There were plenty more of the same. But it's OK because they are only acting in the way nature intended. They are backed up by the unwavering hand of science; that same unwavering hand that celebrates male promiscuity whilst condemning as sluts women who have a strong sex drive or multiple sexual partners. Because for women to sleep around, well that's just not natural. When men do it they are just obeying their biological urges to sow their wild outs and father multiple children. It's for the good of the species.
What really gets to me is the idea, held by some, that science is somehow truly objective and that unlike other disciplines isn't vulnerable to subjective interpretation. Certainly, when I was at university I faced ridicule by a number of scientists (though by no means all) who felt that they were pursuing a far higher form of knowledge than my lowly and pointless history degree. And why? Because they were in search of timeless truths.
But anyone who thinks that the discipline of science isn't subject to the very same patriarchy that dominates the rest of society is kidding themselves. Science is a profession like any other, tied to interest groups and inseparable from the individual carrying out and presenting their research. One need only look at the impact of Darwinism to see how open scientific theory is to gross abuse by the powerful.
For centuries scientific 'fact' has been used to legitimise power structures in any given historical period. Pre-Victorian women were considered to be more hysterical and less rational than men because their bodies were governed by the 'science' of nature. Their menstrual cycles proved this. It is a sad fact that centuries later some people still adhere to this 'scientific' reading of the female body, but it is interesting that attitudes towards women's sexual appetite have changed. Being 'closer to nature' (meaning more like an animal) once meant that women were seen to be highly sexual creatures, less able to control themselves than men. This was used to condemn them as whores and to prevent them moving in public spaces. But now that science has shifted. It's more convenient now for science to declare men as more virile and sexual (but we'll stick with the pre-Victorian notion of women's hysteria, thanks).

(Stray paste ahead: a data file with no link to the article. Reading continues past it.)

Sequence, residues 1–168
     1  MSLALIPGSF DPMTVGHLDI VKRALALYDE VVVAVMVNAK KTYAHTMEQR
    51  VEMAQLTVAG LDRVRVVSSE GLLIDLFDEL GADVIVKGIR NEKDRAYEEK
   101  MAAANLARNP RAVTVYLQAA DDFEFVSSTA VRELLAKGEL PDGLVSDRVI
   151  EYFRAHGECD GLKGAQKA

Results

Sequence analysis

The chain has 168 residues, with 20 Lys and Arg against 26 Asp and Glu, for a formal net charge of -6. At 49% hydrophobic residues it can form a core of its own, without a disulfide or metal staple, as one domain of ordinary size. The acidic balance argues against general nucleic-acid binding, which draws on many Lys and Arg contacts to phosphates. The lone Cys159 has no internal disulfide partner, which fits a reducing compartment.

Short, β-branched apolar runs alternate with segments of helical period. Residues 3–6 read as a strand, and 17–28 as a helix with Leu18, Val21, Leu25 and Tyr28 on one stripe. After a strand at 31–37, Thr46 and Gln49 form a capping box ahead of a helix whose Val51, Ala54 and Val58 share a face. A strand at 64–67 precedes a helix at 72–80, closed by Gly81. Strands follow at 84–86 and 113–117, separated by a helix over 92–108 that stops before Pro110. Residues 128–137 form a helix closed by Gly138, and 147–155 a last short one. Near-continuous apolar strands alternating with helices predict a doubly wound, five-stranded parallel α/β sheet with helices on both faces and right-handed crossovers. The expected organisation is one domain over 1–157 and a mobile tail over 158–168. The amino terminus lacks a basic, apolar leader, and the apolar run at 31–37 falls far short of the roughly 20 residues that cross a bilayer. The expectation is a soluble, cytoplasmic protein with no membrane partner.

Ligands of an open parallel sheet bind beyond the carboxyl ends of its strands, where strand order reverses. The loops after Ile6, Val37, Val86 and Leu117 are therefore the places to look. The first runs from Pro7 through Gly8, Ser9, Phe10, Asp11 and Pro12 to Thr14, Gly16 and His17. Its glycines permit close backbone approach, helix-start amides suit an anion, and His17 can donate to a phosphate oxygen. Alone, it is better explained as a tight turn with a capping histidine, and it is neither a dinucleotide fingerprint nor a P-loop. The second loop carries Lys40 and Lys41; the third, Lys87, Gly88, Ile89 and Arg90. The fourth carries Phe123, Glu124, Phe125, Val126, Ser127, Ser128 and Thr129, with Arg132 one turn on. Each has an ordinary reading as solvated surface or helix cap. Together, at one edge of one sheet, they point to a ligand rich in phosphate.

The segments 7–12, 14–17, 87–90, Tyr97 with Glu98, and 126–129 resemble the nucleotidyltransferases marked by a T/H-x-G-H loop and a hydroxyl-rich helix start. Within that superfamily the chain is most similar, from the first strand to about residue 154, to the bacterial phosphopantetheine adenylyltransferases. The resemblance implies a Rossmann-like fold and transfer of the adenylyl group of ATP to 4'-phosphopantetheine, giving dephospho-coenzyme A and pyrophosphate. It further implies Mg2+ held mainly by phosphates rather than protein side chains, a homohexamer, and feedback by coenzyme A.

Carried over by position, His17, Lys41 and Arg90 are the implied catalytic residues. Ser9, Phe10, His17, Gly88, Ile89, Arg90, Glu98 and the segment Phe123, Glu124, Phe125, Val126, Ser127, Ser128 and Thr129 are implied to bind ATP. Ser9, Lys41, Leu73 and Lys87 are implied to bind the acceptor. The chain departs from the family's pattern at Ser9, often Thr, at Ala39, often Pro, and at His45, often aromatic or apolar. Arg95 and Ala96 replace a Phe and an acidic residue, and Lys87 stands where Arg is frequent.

At a more academic level, it's not only the use and abuse of the scientific facts of the age that encourage misogyny. The discipline itself is inherently patriarchal. Professor Brian Martin has argued that "the scientific method incorporates masculine features such as the objectification of nature. Scientific knowledge is masculine in its neglect of women's experience and its adoption of paradigms built on assumptions of competition and hierarchy."
I don't want to be hassled and 'chased' on a night out with friends and have science say that it's OK
Hundreds upon hundreds of feminists have written about the male objectification of women. Whether it's an argument about discrimination at work, or about lap-dancing clubs, or about Boticelli's Birth of Venus, the 'male gaze' has been commented on. And we can't let 'evolution' be an apologism for the objectification of women, for removing choice and for casting judgements over what's 'normal' at what's not.
I'm not condemning the theory of evolution. I'm not condemning genetics. I'm not condemning the men and women in the lab with their white coats for undertaking valuable research. My point is that whatever so-called facts are uncovered, scientists need to communicate them responsibly. I don't want any kind of science to justify as 'normal' my being made to feel uncomfortable walking down my own street because I'm being eyed up by some old bloke across the road (or for that matter a young bloke across the road). I don't want to be hassled and 'chased' on a night out with friends and have science say that it's OK. And I don't want older women to be ditched by their husbands, or employers or anyone else because of a scientifically-sanctioned preoccupation with youth, beauty and procreation.
In Three Guineas Virginia Woolf said: "Science it would seem is not sexless. She is a man, a father." That was in 1938; 71 years later it seems this is still true, but feminist scientists and epistemologists are making headway into revising the nature of the discipline to make it less patriarchal, more balanced, more neutral. But there's still some way to go. Science is still imagined as a man. And if "Older men chasing younger women" is right, then he'll hound you now and leave you when your 40. But that's OK. Just lie back and think of the species.